4th August 2010
Democratist was interested to read that the head of the Russian Federation Council International Affairs Committee, Mikhail Margelov has backed Kazakh President Nursultan Nazarbayev’s call to hold a summit of the Organization for Security and Co-operation in Europe (OSCE) in Almaty later this year, at which a “reformed” draft of the OSCE’s charter might be renegotiated. (“Russian senator says only reform can save OSCE,” RIA Novosti, 1st August 2010).
According to Margelov, the OSCE needs urgent reform in order to “save” it, and the main aim of reform is apparently to restore “balance” between three main “dimensions” of the OSCE’s work; political-military, economic and “humanitarian”.
So what does this “rebalancing” imply?
To Democratist it seems fairly obvious that some in the nomenklatura are hoping that the Russian leadership will use any forthcoming summit to attempt to effectively destroy the OSCE’s “human dimension” – which is based on the recognition (as outlined in the OSCE’s 1990 “Copenhagen Document”) that human rights, and not least free elections and the rule of law, have a critical impact on international security, and therefore merit “verification” by the OSCE (i.e. the OSCE should be allowed oversight of member-state conduct in these areas, and should be allowed to express any concerns).
More specifically, we suspect the main target will be one of the principle mechanisms of “verification”; the Election Observation Missions (EOMs) organized by the OSCE’s Office for Democratic Institutions and Human Rights (ODIHR).
These “reforms” are being proposed, not as Head of the State Duma Foreign Affairs Committee Konstantin Kosachev has stated, because the OSCE or ODIHR EOMs have “become obsolete” or “failed to adapt to new realities,” but rather for quite the opposite reason; it is precisely because over the last twenty years the OSCE ODIHR has repeatedly shown itself to be an extremely powerful tool for the promotion of democratization, and has achieved an excellent reputation for impartiality and judgement with the populations of many OSCE member-states, that some in the Russian elite are so concerned to circumscribe its activities.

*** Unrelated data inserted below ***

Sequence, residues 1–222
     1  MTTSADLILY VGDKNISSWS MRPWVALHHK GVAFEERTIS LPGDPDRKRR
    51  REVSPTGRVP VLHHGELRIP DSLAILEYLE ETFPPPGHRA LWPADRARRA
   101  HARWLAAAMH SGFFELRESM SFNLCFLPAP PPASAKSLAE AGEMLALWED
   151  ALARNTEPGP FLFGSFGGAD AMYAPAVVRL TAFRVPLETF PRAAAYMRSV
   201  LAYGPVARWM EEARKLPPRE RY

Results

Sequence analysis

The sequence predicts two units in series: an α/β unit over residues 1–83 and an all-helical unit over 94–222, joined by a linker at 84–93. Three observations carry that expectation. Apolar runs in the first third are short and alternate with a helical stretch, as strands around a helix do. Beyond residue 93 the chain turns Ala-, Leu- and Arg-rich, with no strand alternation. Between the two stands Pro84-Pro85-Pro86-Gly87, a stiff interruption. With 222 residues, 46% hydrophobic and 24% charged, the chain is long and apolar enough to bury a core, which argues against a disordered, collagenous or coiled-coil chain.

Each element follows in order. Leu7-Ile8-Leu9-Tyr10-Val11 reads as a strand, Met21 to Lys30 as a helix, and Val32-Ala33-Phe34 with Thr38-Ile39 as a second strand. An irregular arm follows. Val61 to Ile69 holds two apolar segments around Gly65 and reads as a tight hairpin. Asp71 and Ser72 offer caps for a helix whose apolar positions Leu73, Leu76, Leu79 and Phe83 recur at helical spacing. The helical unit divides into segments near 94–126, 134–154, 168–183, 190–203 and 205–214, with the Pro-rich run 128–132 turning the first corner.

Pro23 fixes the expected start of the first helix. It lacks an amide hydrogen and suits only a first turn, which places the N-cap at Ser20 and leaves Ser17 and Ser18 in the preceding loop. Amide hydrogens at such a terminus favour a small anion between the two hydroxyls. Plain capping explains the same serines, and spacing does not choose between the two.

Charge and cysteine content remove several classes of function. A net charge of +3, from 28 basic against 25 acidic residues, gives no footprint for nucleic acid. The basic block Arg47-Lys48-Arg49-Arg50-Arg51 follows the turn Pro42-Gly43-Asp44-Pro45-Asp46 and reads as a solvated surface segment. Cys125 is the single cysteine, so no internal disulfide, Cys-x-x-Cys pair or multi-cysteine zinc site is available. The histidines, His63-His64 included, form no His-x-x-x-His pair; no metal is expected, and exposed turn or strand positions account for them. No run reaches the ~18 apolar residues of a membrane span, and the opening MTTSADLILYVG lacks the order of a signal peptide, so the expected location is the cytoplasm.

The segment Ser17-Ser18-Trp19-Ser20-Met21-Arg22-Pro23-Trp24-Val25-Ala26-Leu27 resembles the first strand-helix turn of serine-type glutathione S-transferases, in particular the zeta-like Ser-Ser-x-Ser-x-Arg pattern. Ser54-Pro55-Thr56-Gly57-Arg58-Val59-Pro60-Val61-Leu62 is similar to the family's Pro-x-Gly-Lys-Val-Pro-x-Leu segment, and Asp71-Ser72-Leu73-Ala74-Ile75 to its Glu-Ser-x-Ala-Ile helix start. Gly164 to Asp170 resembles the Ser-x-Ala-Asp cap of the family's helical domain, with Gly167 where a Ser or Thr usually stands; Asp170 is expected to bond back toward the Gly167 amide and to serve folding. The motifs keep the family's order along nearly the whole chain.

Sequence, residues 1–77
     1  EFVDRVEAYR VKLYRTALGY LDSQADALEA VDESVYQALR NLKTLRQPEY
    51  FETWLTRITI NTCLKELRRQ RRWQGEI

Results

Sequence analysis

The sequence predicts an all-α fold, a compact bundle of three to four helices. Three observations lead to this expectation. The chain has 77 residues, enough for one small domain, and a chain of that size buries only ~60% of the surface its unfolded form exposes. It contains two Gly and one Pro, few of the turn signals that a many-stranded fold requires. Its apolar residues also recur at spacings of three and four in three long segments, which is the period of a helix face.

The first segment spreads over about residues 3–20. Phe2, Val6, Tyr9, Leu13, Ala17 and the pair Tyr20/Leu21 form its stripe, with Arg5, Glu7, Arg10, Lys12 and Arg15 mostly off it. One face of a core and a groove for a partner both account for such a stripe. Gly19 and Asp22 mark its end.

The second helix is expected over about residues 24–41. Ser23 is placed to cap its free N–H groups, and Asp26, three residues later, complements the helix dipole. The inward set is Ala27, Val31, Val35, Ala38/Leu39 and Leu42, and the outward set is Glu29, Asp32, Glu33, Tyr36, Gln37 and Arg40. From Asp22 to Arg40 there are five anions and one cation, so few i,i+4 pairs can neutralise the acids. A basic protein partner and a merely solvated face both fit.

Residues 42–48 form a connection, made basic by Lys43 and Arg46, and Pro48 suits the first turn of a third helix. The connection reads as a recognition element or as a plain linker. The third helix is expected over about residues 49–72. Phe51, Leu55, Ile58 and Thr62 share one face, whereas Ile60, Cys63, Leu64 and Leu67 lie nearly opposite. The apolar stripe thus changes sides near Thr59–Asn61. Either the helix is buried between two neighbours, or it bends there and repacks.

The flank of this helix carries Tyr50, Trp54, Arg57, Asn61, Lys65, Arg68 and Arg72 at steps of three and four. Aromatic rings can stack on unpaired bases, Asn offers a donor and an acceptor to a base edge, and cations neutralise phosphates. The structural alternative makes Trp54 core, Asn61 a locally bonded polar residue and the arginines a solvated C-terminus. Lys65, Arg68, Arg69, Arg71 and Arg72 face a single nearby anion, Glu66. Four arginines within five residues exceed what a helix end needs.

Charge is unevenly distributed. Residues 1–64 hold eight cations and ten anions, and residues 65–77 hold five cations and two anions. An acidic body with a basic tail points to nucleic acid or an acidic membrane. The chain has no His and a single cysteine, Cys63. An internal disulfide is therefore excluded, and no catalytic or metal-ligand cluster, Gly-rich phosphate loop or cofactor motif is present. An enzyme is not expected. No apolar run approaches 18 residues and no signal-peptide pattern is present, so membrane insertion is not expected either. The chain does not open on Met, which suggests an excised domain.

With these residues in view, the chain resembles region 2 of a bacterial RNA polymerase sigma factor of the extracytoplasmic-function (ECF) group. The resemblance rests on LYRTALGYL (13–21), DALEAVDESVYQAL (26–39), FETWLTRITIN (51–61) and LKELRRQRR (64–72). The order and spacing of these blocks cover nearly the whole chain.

More generally, what is important about ODIHR is not just that it has had a significant impact in cases where governments have decided to “play by the rules,” and where free and fair elections have taken place, but also critically in a number of instances when cheating has occurred – as was the case in Serbia (2000), Georgia (2003), Ukraine (2004), and Kyrgyzstan (2005).
In each of these cases the ruling regime engaged in electoral fraud, and the OSCE ODIHR called them for it; in each of these cases the result was that the population subsequently rose up and overthrew the regime; and in each of these cases the OSCE ODIHR’s preliminary statement condemning the elections as fraudulent played an (unintentional but significant) role in concretizing popular sentiment against the regime.
Since decisions at OSCE summits are taken on a concensus basis, the West ought to be able to hold the Russians to their existing international commitments, as stated in the 1990 Charter of Paris and other OSCE documents.
In this regard, it might also be useful to remind Markelov, Kosachev and others like them, of President Medvedev’s July 12th speech to the Russian diplomatic corps, in which he underlined the importance of “strengthening democratic and civil society institutions in Russia” and urged diplomats to “promote the humanisation of social systems around the world, and especially at home.”
The position that the Russian government finally decides to take in relation to OSCE (especially ODIHR) “reform” is likely to be very instructive as to how seriously we should take Russia’s current “modernization” drive.